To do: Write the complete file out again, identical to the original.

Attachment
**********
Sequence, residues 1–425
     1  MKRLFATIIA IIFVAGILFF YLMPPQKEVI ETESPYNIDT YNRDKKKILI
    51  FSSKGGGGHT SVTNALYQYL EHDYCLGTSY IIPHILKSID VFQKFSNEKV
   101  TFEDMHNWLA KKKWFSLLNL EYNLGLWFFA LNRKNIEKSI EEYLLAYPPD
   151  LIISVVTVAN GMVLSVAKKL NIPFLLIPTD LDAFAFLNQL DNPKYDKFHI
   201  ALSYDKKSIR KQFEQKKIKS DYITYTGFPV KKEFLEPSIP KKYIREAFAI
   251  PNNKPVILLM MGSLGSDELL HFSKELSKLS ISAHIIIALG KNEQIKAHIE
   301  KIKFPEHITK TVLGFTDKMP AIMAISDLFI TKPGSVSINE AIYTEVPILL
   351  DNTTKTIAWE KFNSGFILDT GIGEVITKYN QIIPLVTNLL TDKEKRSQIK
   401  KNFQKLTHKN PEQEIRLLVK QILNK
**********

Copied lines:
Sequence, residues 1–425
     1  MKRLFATIIA IIFVAGILFF YLMPPQKEVI ETESPYNIDT YNRDKKKILI
    51  FSSKGGGGHT SVTNALYQYL EHDYCLGTSY IIPHILKSID VFQKFSNEKV
   101  TFEDMHNWLA KKKWFSLLNL EYNLGLWFFA LNRKNIEKSI EEYLLAYPPD
   151  LIISVVTVAN GMVLSVAKKL NIPFLLIPTD LDAFAFLNQL DNPKYDKFHI
   201  ALSYDKKSIR KQFEQKKIKS DYITYTGFPV KKEFLEPSIP KKYIREAFAI
   251  PNNKPVILLM MGSLGSDELL HFSKELSKLS ISAHIIIALG KNEQIKAHIE
   301  KIKFPEHITK TVLGFTDKMP AIMAISDLFI TKPGSVSINE AIYTEVPILL
   351  DNTTKTIAWE KFNSGFILDT GIGEVITKYN QIIPLVTNLL TDKEKRSQIK
   401  KNFQKLTHKN PEQEIRLLVK QILNK